It seems that children may learn from parents’ behaviours as above, but it seemed they also influenced and inspired a change in parents’ behaviours: 'My little boy always ate well but now it’s making me eat well too'. The course gave the opportunity for the participants to have a discussion about cooking techniques and what worked / didn’t work e.g. one of the young women showed the others how to whisk with 2 forks back to back, and also where to get good value equipment. There was some confidence in their own cooking abilities before the course started, but afterwards it did seem to give the young women reassurance and confidence to try new things. The YWCA workers were excited and motivated because the participants were excited and motivated; this enthusiasm added to the positive learning environment. It seemed that the course provided reassurance from their peers to try new things which had the effect of build confidence and selfesteem. “I've learned that food can be interesting and not a chore.”; “I am buying a lot of things I wouldn’t usually buy…”; “It has been great, I am now applying to cooking college”; “I am more confident now…”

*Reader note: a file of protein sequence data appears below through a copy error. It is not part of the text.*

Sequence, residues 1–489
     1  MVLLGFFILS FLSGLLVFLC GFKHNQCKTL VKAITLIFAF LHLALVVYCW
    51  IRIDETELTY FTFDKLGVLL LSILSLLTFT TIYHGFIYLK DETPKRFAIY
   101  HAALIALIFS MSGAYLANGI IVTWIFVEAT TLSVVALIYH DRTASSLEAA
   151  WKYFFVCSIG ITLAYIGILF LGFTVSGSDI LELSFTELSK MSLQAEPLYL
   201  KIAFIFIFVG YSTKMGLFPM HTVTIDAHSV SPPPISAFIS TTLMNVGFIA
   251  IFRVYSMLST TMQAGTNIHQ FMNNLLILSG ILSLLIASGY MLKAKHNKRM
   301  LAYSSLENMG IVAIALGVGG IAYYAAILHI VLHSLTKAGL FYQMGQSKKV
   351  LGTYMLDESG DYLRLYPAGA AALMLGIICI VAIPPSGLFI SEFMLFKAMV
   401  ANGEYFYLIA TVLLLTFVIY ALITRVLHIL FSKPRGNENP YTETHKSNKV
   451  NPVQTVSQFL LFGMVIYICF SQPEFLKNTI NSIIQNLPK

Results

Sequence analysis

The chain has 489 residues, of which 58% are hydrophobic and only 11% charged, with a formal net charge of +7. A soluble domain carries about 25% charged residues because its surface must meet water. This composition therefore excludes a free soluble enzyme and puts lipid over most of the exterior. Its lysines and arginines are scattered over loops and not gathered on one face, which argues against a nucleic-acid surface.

One of the participants from a previous course had used fresh food to help lose a stone in weight, developing a ‘sensible’ attitude to food with supplementary ‘treats’. She said: “the course made a real difference to the way he eats: he wasn’t really eating before. He now sits at the table and his bowels are better because he has medical digestion problems. Another mum said: “He's eating a variety now… a load of different things”.